A Letter To My Younger Self

by Marcia Kester Doyle
Originally Published: 
A close-up of a woman writing a letter to her younger self in a notebook

To my younger self;

You probably don’t recognize me with these little lines around my eyes and a figure that went south after giving birth to five children. There’s nothing to be ashamed of here; these lines by my eyes came from years of laughter and the scars on my belly are a badge of motherhood I proudly wear.

When you get into high school, stop worrying so much about what other people think and be who you want to be, not who you think your peers expect you to be. Embrace your individuality—it will be the ticket to your success one day.

Although the school years feel like nothing more than a popularity contest, in the end you’ll be happier sticking with a small circle of friends who love you for who you are. They’ll be the ones holding a catcher’s mitt when life throws you some curve balls.

Forgiveness. This is a tough one for you, but the bitterness will only weigh you down. Let go of the anger you feel towards those kids who poke fun at you. What you don’t realize is how unkind their life is. Their spirit has been broken and they’ve learned the hard way how to protect themselves by preying on vulnerable people like you

You waste too much energy berating yourself in front of the mirror. Society has fed you a warped perception of beauty—don’t let its definition convince you that you fall short of everyone else’s expectations. Stop punishing yourself with starvation diets and binge eating to mask what is really bothering you. The people who made you feel stupid and small inside were wrong. I know how much you’re hurting; you just haven’t figured out yet that inner beauty outlives physical beauty every time. The mirror is not your enemy; see yourself through your own eyes and know that others love you even though you don’t love yourself.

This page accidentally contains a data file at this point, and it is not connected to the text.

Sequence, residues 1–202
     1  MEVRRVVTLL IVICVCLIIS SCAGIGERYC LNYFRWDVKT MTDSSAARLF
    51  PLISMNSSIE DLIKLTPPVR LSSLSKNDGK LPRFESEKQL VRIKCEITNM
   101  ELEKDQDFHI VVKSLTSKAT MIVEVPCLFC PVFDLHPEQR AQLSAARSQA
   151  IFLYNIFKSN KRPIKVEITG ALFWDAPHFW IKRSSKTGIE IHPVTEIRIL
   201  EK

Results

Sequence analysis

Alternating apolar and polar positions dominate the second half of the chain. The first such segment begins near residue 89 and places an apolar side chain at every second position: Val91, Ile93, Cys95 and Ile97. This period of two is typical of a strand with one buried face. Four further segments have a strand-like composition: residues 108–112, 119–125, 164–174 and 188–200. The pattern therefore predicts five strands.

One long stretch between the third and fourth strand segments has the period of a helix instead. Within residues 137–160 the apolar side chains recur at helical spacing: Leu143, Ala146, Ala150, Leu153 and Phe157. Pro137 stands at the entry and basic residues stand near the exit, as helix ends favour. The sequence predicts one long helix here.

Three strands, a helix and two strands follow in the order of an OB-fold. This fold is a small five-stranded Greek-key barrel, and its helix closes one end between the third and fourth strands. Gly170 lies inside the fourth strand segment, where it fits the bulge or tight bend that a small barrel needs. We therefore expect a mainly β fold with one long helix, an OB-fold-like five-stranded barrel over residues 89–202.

There will be some unimaginable losses in the years to come—don’t be afraid to face them head on. You’re going to walk through a valley of grief but you’re going to come through the other side a stronger, braver woman. You’ll need these experiences to hold up the others when life knocks them down.

I know you feel as though your parents are judging every move you make and you hate living under a microscope. Strict curfews, lost phone privileges and being grounded from social activities may seem unreasonable, but your parents really do have your best interests at heart. If they didn’t love you, they wouldn’t care what you did. Boundaries and rules are a sign of good parenting and tough love. You’ll figure this out once you have kids of your own.

Appreciate the time you have with your family. Those summer vacations in Montana won’t last forever. Take your father up on that trip to Scotland before it’s too late and spend more time in the garden with your sister. Don’t assume she’ll always be there for you because she won’t. She’ll be gone sooner than you think and her absence will leave a hole in your heart that time cannot mend.

You’re going to fall in love several times while you’re young, but be more conscious of the men you choose. Your happiness shouldn’t depend on them. One will break your heart and in the process break his own. Others will come and go, but each one will teach you a valuable lesson in love that will prepare you for the man you’re going to marry. Stay away from the sly one at the bar who asks you to dance. Nothing good will come from this. His lies will hurt you more than his fists. He’ll tear you down to keep you from standing back up, but you will. You are a survivor. One day you’ll meet your soul mate, and he’ll help you find your smile again.

Life is full of twists and turns; don’t be afraid to stray from the well-worn path that everyone else is walking. Embrace the challenges you’ll face and don’t let the fear of failure box you into years of regret. How will you ever learn anything if you never make a mistake? Trust your intuition, listen to your heart and fight hard for what you believe in. Stop wasting precious time running down hollow streets in search of happiness. You’ll find its been inside you all along.

Don’t be in such a hurry to grow up. Slow down and enjoy the ride. Even though you are struggling with some tough, emotional issues, each experience is a small piece of the puzzle, a composition of the beautiful person you’ll become. Every day will be your happiest—live life to the fullest. It will never be this way again.


Your much, much older self

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